For several years, the bank and insurance offices just outside the border crossing were closed and it was necessary to go to the nearest town of Fnideq, to get currency from a bank or ATM before riding to Tetouan if you needed to buy insurance. Now, however, the newly revamped offices are open again for business, which is much more convenient, unless you arrive on a Sunday when they’re closed!
Tony needed to get Moroccan insurance as his UK provider wouldn’t issue a green card before he left, which is typical of a lot of companies. So, after a brief visit to the border insurance office, Tony was 610 MAD (£45) lighter but had 10 days’ cover. Now fully prepared, we headed south towards Tetouan.
The ride in
Four years ago, the road from the border to Tetouan was a dirty pot-holed single carriageway, full of old cars and trucks belching out black smoke, overtaking, cutting in and giving new arrivals a sharp lesson in the locals’ driving habits. Now the road is a boulevard with two lanes in each direction and a central reservation. There are grassy roadside verges with shrubs and palm trees, and fancy streetlights lining the route. This seems to be the norm in nearly all the major towns in Morocco now. The road infrastructure is being upgraded at an incredible rate; this bodes well for the visitor.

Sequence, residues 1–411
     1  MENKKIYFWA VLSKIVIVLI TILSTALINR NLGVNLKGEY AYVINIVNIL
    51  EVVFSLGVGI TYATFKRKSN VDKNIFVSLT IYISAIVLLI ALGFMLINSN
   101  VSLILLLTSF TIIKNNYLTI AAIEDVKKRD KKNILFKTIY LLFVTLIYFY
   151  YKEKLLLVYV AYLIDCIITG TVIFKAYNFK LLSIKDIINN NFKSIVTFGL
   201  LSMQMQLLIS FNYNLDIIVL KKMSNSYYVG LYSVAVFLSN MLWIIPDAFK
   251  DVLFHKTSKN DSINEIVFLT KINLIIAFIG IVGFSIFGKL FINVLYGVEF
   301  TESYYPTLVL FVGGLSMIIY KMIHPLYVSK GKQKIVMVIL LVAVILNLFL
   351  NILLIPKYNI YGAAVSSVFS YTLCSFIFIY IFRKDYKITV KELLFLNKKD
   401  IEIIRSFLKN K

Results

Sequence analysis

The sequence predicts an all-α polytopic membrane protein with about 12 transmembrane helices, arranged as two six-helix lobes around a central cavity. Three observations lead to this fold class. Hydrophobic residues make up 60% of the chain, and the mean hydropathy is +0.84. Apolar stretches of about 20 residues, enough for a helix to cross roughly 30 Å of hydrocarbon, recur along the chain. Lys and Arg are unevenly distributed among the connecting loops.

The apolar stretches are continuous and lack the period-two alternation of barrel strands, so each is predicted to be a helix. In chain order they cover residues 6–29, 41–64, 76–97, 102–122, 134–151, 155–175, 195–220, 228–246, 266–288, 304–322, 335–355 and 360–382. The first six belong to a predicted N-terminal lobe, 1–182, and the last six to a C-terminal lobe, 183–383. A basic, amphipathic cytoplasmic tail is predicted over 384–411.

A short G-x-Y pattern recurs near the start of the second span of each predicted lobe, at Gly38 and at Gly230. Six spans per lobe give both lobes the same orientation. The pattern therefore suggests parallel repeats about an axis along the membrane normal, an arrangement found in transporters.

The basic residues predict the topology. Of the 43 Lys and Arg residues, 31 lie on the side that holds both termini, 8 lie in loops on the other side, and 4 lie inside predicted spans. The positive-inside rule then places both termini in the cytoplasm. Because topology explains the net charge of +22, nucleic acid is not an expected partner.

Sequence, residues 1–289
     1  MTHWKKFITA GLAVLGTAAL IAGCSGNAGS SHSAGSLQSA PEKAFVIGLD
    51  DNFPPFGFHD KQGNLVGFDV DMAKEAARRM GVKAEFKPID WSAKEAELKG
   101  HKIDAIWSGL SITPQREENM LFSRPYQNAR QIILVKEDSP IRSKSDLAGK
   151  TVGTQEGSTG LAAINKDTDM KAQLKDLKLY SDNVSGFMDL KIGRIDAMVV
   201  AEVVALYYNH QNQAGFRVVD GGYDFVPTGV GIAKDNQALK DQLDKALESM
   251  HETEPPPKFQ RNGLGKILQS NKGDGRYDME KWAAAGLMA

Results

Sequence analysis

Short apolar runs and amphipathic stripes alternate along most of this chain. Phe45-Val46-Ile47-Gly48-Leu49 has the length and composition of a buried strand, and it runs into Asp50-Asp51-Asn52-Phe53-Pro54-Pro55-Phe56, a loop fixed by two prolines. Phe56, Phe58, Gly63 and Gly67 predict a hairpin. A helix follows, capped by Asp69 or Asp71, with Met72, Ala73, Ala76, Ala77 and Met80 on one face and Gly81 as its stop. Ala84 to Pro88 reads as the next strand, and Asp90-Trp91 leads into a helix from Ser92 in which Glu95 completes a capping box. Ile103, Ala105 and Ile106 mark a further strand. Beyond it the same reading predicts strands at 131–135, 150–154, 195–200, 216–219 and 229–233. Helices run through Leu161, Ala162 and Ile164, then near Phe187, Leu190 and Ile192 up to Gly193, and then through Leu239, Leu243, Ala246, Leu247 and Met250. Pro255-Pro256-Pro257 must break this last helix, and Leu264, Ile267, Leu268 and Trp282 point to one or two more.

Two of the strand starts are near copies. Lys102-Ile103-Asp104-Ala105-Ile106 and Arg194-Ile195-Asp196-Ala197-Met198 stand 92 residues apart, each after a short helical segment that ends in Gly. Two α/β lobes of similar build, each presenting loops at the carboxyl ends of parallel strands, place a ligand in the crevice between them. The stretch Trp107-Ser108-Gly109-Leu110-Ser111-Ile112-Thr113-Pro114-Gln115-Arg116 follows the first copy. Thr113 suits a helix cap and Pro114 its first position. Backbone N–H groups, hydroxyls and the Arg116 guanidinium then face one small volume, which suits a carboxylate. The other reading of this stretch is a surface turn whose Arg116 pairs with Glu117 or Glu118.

Hotels and Fuel
Petrol stations are plentiful and fuel is a lot cheaper than here in the UK. Fuel stations often have a café/restaurant attached to them and are now starting to resemble European service areas, but they only accept cash as they don’t have the facility to take credit cards – yet!
Our first night’s stopover was going to be just south of Ouezzane at the small but well-appointed Motel Rif, which is also mercifully well sign posted. Directions couldn’t be easier from Tetouan as it’s just a straight blast south towards Meknes and Fez on the N13. If you have time and fancy a small detour, the ‘Blue City’ of Chefchaouen high up in the hillside of the Rif Mountains is well worth a visit, and there are lots of places to stay there, too.
By the time we arrived at Motel Rif (www.motel-rif.ma) where an en-suite room with breakfast costs 300 MAD (£22) we were fully relaxed but ready to stop. When checking in to a hotel, you’ll need to present your passport at the desk, so have it ready. The duty manager will take down all your details and then hand it back. They may ask you to fill in a form called a fiche d’état civil, which will ask for all your personal details, too. Some hotels accept credit cards, but not all, so be prepared to pay cash.
The Motel Rif has an excellent restaurant menu – I can highly recommend the chicken tagine. They serve beer, too, another huge change in four years. The last time I was in Morocco we had to drink illicitly sourced local wine in our hotel room out of sight. Now beer is readily available and the locals are getting a taste for it.
The next day we woke rested and well fed, ready to head south in search of the Atlas Mountains, deserts and plains. Any trepidation of entering into the unknown had by now all but disappeared and we were eager to explore the vast and beautiful country of Morocco.